By Bob Osborn, RN
One of the most common problems that affects people with motor neuron diseases is called dependent edema. This is swelling of the hands and feet which gradually extends upwards into the arms and legs. This is caused because veins depend on muscle movement to return blood and fluid to the heart. Without the muscle movement, fluid pools in the veins which become overloaded. The fluid then starts to seep out of the veins into the surrounding tissue.
The swelling that follows cannot be reduced by diuretic medications (“water pills”). Elevating the legs or arms to a level higher than the heart is most helpful. This can be accomplished with positioning in a power wheelchair (tilt and recline and elevating leg rests), or in a bed by adjusting the leg position or placing pillows under the legs. Gentle massage with a lotion of preference can also help. Use the lotion to protect and moisturize the skin, which can be fragile if there is swelling. Massage from the toes or fingers always going upward toward the heart. This will help shift the excess fluid back into the veins and gravity will help the vein return the fluid to the heart in a more normal way. The massage motion is similar to the action of slowly working toothpaste from the bottom of the tube to the top.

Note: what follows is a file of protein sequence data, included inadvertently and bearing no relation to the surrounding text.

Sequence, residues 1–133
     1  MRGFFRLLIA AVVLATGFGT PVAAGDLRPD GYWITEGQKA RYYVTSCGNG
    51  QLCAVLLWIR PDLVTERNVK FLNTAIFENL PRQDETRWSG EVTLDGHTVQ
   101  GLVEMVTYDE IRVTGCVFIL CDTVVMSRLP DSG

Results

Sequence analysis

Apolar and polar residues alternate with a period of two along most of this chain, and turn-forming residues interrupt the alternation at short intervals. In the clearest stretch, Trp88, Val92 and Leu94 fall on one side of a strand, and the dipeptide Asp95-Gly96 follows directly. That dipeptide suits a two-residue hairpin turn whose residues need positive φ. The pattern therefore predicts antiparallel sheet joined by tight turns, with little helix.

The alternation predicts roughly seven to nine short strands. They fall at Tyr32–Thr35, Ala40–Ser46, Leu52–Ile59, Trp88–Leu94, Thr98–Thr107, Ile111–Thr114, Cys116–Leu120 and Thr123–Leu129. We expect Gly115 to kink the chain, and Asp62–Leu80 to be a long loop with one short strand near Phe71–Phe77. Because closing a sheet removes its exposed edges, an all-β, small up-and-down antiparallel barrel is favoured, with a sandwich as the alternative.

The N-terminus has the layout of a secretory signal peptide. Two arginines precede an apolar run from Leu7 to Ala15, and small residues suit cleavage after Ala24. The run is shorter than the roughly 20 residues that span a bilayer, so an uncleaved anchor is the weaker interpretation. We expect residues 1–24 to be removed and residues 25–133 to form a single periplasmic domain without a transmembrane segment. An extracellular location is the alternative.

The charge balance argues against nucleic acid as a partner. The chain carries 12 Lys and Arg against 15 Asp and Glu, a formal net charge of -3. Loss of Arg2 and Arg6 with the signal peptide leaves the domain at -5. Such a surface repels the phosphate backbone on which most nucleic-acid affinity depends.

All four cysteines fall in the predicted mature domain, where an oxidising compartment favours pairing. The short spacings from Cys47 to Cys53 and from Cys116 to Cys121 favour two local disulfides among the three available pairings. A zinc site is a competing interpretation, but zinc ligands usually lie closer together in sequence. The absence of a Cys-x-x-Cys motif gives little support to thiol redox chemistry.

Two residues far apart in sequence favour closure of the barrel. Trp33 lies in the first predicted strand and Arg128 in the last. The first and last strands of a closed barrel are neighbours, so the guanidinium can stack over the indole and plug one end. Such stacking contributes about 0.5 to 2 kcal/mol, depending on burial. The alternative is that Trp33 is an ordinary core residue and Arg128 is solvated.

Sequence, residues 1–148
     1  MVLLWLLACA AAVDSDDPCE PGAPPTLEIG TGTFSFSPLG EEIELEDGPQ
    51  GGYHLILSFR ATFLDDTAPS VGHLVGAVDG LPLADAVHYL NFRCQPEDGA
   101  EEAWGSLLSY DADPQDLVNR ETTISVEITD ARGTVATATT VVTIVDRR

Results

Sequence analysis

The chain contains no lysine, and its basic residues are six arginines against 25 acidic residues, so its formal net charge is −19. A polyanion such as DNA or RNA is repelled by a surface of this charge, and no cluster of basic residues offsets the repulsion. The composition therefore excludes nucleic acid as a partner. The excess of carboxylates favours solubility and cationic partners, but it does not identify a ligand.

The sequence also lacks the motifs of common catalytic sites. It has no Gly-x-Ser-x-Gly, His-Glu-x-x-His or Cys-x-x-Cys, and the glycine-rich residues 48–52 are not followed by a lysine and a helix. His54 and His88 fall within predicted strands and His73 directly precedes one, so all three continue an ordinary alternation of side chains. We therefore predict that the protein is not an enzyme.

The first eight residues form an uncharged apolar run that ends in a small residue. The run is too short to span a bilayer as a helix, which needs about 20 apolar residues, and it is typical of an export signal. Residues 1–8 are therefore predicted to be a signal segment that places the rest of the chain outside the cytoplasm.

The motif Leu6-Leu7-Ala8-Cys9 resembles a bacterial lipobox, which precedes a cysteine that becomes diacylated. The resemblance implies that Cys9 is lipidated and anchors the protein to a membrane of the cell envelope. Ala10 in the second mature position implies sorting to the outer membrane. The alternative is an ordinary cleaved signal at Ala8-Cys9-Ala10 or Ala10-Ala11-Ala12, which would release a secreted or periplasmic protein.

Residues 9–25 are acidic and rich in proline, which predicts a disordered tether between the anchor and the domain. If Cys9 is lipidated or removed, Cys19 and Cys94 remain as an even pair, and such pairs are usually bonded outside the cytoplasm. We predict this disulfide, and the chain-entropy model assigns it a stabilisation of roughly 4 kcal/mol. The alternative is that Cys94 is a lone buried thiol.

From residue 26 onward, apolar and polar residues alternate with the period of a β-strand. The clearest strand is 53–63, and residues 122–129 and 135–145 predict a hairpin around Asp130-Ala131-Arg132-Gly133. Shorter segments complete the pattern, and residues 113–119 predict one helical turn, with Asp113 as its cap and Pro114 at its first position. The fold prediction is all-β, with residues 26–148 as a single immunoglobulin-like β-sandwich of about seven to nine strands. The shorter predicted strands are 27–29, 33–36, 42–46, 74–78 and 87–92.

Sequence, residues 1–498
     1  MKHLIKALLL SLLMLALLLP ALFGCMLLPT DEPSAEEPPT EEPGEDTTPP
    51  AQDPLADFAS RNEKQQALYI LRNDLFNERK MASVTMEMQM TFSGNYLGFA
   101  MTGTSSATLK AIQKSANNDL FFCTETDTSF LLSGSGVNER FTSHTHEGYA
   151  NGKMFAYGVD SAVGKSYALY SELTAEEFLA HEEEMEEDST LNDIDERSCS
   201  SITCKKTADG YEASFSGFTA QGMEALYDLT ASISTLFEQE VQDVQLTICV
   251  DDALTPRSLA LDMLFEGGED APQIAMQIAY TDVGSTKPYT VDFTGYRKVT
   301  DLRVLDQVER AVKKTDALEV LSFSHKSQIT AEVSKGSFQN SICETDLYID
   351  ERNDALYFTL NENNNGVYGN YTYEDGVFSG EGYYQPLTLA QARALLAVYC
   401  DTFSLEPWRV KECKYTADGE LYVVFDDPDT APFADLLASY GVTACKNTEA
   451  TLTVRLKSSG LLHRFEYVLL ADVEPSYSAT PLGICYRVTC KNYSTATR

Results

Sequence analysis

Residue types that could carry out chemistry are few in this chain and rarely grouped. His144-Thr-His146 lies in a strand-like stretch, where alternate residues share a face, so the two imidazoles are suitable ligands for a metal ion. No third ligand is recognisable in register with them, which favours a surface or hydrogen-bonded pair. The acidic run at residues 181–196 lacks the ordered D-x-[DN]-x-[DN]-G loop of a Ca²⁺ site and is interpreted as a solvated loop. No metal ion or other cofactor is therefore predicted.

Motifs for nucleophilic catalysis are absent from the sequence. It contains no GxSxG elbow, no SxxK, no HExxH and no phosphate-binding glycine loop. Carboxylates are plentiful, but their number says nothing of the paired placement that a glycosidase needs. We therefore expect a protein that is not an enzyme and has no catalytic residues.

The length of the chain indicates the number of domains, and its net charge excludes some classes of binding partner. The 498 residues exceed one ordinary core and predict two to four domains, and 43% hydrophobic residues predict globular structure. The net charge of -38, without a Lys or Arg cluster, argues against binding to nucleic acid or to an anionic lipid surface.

One thing that can help prevent the swelling to begin with is compression stockings. Rather than get the kind usually used in hospitals, I usually recommend that people go to a travel website (TravelSmith, Magellan, etc) and order airline socks. They work just as well, are easier to get on and off, and are about 1/3 the price.
Should the skin become reddened and warm, medical attention should be sought as this could be cellulitis. Also, should the limb become very swollen, cold and/or numb seek medical attention immediately as this could be an indication of a blood clot blocking circulation.